Thursday, August 25, 2011
The Problem of the Space Marine
When we are first told of the Space Marines, we are given the normal spiel of how they are genetically altered, heavily-armored warriors that are recruited from feral worlds where only the toughest men survive. We are also told they are essentially sci-fi knights, their armor being the equivalent of full plate, and their emphasis on duty taken straight from the chivalric myths. They are the spear tip of the major invasions, as well as retaking lost worlds. Yet, there is on thing about them that has bugged me for some time in the mythology of the game:
They suffer from Superman Syndrome.
Superman Syndrome occurs when you have a character that is simply too strong, and as such, is not given much character, which makes the Space Marines a tabula rasa upon which the player gets to import his own personality upon his preferred Chapter.
While I've read plenty of the stories put out by the Black Library, most of the Space Marine stories are archetypal. The most character I've seen in a Chapter is probably the Iron Snakes, yet the principal character in the book is just a typical marine. Even in the Soul Drinker's books, the one thing that could be said of them as a Chapter is that they are unbelievably stupid early on. Mutations occur, and they come to the conclusion that they're gifts from the Emperor? What about that psycho-conditioning and training that warns them of the temptations and evil of Chaos? Guess they slept in class. Those Ultramarines books with Uriel aren't bad, but I can't think of any real traits of his beyond the normal marine drivel.
Really, Gabriel Angelos is easily the best marine character in 40k. The man has to deal with receiving visions of the Astronomicon, be solely responsible for the destruction of his home world, learn that his Chapter has ancient ties and deals with the Eldar, and eventually that his Chapter Master is sworn to Abaddon, and his company is deemed heretics. He eventually kills the Chapter Master, and takes his place. Pretty much the most interesting thing I've ever seen in 40k stories.
How do we cure the Superman Syndrome rampant in these stories?
Now, I didn't like the Superman character until the Kingdom Come story. In it, Superman retires because of some crazy shit that happens:
Lois Lane is killed by the Joker.
Superman calls for a trial.
Some new super heroes, all kids, kill the Joker because of the public outcry that he should be executed immediately.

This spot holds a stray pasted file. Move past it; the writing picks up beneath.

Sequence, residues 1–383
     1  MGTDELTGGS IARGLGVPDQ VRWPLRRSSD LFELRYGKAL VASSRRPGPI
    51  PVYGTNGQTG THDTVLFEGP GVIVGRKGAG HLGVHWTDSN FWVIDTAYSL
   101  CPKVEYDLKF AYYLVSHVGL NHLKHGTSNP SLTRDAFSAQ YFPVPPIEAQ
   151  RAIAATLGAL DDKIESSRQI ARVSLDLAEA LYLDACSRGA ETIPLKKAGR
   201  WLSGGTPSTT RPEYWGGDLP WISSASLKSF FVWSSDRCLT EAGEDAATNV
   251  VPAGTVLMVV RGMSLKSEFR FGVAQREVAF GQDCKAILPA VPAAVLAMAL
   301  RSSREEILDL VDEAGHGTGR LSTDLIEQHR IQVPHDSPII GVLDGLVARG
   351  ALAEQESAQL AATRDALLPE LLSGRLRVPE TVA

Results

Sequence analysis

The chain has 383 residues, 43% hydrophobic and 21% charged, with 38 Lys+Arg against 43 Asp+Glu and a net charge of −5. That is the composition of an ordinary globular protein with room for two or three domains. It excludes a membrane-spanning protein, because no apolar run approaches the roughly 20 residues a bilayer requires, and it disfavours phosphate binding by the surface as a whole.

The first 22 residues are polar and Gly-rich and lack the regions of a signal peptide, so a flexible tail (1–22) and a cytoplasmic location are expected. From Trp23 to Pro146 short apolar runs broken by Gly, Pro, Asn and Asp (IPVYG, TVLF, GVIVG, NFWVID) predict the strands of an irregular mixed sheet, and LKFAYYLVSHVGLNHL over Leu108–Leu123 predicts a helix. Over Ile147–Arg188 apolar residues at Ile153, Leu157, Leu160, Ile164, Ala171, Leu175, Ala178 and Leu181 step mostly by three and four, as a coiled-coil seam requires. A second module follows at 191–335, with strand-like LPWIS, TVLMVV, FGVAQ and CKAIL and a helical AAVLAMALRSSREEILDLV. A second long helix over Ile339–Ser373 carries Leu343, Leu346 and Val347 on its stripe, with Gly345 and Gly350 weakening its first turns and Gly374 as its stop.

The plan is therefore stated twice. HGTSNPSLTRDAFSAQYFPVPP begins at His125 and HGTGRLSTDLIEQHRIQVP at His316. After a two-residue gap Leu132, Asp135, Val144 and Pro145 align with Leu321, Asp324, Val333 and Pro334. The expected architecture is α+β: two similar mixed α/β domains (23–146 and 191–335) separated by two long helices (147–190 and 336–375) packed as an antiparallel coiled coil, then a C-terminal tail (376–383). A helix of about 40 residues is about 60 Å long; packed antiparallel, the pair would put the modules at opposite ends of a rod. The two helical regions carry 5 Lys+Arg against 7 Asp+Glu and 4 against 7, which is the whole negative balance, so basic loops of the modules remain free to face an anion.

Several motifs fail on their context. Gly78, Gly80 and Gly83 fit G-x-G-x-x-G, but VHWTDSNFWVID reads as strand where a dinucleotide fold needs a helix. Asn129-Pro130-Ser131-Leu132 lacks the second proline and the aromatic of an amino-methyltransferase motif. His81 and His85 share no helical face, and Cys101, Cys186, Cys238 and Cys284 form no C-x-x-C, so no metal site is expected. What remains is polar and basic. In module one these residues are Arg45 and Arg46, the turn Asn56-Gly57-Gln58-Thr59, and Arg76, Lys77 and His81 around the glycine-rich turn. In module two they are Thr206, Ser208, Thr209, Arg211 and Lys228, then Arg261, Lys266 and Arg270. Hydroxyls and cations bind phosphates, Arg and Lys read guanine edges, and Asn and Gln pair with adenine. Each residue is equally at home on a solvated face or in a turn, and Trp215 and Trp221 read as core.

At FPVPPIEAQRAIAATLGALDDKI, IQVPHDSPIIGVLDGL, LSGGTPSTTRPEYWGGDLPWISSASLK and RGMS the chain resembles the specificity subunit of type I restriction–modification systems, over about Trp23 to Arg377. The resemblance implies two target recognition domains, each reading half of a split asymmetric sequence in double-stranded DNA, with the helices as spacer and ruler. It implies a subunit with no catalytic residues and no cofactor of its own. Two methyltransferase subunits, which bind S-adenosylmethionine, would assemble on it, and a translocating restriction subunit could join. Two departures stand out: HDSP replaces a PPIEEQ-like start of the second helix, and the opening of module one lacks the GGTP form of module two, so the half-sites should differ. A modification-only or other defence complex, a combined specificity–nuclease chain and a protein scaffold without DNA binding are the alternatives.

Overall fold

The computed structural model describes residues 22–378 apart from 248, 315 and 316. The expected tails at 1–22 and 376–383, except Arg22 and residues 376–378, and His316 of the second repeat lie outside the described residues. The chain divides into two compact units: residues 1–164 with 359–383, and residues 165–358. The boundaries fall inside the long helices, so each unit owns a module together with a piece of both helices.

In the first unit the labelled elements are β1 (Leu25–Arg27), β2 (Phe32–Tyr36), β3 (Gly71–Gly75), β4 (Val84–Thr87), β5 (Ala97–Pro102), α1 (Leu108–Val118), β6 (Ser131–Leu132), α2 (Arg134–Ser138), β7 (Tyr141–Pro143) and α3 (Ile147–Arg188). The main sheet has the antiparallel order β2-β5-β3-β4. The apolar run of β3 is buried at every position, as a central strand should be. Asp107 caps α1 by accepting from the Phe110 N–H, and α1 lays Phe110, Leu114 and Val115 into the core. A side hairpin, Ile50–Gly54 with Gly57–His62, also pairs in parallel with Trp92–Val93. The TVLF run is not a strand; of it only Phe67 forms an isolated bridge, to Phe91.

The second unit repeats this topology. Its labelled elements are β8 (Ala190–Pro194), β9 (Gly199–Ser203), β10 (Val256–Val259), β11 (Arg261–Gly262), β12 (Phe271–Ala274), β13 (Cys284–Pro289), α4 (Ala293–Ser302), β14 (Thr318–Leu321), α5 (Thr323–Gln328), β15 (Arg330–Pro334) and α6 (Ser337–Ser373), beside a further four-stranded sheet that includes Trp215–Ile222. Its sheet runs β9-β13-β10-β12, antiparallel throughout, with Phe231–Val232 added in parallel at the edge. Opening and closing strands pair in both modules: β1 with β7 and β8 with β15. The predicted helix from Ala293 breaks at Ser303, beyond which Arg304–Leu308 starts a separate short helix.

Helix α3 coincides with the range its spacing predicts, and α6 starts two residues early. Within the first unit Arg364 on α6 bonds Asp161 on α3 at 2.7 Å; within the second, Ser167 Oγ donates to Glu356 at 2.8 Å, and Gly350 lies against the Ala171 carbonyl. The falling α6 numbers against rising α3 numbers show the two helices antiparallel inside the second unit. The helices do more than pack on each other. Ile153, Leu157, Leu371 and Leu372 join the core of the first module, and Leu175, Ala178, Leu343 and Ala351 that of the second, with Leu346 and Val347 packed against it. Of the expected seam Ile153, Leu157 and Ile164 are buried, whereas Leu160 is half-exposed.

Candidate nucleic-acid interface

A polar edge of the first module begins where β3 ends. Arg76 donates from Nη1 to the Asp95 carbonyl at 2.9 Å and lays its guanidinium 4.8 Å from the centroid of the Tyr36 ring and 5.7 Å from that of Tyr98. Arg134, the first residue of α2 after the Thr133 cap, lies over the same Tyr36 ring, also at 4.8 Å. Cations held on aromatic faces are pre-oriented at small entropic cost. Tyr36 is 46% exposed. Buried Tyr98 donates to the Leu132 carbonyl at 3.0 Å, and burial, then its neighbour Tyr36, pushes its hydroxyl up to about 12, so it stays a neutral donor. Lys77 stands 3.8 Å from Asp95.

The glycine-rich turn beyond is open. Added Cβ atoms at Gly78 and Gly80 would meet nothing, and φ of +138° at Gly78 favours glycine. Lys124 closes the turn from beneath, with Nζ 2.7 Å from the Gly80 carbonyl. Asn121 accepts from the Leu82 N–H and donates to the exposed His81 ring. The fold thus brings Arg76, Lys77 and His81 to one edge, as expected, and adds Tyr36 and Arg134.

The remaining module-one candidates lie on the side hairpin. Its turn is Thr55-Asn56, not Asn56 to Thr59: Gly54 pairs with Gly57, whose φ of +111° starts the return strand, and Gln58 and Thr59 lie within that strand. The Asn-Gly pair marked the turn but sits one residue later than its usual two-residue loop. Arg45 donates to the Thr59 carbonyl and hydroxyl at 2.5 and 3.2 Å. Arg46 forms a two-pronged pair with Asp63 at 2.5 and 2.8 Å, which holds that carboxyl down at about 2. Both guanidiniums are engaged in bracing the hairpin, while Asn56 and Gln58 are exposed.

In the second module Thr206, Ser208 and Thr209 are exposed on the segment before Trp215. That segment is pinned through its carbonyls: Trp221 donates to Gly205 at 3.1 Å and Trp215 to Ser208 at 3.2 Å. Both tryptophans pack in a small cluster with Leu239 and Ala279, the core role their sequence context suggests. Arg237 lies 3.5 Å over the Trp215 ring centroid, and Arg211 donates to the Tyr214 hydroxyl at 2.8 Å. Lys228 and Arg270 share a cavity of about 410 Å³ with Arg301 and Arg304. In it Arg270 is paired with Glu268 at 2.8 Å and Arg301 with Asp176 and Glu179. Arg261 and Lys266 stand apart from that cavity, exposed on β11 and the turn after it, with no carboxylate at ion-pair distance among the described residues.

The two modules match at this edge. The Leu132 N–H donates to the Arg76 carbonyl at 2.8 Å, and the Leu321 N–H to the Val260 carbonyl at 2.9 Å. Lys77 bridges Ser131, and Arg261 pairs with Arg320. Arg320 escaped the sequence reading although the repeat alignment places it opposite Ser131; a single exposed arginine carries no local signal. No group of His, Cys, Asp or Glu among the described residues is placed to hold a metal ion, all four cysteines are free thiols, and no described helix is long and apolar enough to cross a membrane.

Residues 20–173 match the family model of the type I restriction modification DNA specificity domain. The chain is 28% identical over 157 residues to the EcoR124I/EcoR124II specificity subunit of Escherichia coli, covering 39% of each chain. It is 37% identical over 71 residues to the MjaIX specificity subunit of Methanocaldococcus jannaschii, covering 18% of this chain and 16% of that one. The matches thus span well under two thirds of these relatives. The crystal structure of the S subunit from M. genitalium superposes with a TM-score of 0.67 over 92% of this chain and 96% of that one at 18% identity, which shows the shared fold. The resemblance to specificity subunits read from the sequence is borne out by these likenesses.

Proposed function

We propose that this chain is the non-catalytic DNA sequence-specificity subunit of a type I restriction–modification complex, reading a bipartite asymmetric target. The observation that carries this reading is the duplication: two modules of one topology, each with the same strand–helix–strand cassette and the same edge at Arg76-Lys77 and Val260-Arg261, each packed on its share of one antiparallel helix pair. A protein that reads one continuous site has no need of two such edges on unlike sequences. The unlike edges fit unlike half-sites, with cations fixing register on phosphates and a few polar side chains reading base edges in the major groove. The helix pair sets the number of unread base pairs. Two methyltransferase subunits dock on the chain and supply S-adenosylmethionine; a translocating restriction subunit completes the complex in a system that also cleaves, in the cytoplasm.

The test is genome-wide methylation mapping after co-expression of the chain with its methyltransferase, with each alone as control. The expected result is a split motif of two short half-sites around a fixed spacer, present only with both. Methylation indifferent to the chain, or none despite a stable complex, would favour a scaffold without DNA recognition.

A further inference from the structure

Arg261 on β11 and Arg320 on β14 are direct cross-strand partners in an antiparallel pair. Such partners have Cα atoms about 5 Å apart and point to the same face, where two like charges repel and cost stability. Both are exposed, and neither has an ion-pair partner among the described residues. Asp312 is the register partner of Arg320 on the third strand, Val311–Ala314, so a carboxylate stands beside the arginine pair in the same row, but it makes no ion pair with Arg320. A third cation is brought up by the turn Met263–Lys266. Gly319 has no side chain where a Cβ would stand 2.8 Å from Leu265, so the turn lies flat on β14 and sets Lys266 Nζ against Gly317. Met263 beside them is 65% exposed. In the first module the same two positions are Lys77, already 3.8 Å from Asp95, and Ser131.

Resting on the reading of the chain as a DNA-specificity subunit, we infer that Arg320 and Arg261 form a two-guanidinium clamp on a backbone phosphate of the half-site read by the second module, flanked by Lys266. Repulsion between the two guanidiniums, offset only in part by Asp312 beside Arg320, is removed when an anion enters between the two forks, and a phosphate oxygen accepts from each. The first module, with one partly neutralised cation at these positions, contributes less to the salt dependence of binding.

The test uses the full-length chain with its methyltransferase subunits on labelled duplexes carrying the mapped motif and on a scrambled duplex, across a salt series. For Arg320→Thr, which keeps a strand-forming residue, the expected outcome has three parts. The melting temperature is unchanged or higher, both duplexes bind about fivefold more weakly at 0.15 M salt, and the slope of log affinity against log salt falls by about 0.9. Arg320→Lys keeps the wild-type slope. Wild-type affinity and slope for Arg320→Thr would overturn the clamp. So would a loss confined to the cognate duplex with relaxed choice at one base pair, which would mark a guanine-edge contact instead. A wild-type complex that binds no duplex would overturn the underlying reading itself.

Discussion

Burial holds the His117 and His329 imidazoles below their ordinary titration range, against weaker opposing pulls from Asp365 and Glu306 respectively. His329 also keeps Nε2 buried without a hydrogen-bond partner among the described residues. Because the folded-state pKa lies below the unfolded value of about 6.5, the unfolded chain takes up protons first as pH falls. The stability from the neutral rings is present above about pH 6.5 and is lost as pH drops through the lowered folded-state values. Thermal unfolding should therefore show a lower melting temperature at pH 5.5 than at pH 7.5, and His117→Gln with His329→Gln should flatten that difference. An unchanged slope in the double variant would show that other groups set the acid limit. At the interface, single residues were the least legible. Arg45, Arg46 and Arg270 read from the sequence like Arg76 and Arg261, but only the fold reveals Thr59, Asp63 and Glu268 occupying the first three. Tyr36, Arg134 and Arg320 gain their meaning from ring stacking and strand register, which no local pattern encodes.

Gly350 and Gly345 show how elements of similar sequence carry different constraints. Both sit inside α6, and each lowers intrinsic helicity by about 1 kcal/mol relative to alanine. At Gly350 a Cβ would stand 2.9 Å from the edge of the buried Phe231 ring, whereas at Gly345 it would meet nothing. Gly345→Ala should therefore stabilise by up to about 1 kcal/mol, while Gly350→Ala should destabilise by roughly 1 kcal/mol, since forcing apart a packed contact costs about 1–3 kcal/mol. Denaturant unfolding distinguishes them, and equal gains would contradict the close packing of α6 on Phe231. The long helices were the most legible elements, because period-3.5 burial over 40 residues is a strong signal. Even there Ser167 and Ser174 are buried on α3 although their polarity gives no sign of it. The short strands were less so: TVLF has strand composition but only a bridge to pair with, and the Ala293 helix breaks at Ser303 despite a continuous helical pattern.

Superman, outraged, quits the Justice League, effectively dissolving it.
The JL scatters, and the new heroes have no moral compass, nor governing body of elders.
Then Revelations begins after a man has visions of the End.
This story is so good I can't bring myself to spoil the rest, but it's the only thing I've ever read that makes me like Superman.
Superman has the power to do whatever he wants to, but should he exercise that power?
The next issue comes with how to apply this kind of story telling to the Space Marines. In-fighting between Chapters and Guard regiments aren't uncommon, so one application of this story style could come from authority over a sector gets transferred to some noble of the Imperium because of some accident involving the Space Marines of the area. Essentially, they get kicked out, then have to decide on what their next course of action is: defy duty and the Imperium, or try to resettle elsewhere among the stars? I think one of the most interesting things to do with type of story would be to question what the stringency of morality is for the Space Marines, especially, or not so especially, for Chapter X. All marines take oaths, but to what extent should they be kept, specifically in the case of a usurpation of power and what can be considered a betrayal by the leaders of the Imperium?
Some will notice that this is somewhat similar to what the Soul Drinkers go through, but you really don't feel any kind of conflict of duty over freedom.
So, the question that needs to be addressed for a good Space Marine story is this: With the military capacity of a Chapter, should they exercise their power over all around them, and when confronted with the tyranny and oppression of the Imperium, will duty or defiance prevail? For this to work, you need more thoughtful Space Marines, ones that are responsible for sectors of space, and take governance as seriously as their duties as marines.
So, I'm going to consider this, and maybe generate some creative writing in an attempt to display some actual human characteristics in the superhuman fighters. We need to find some way to relate to these God-like beings, and only by generating legitimate conflict in the characters and players of the 40k universe can we possibly begin to...I don't know...relate or care about them?
That's my interesting notion for the day, Ishamael
If anyone wants to see content outside of 40k, I started a blog on the side to write about other things outside of the Warhammer IP. These include topics like "what is the RPG genre," the game Terraria, a review of the new Conan movie, and most recently content about gender and Robert Jordan's Wheel of Time series.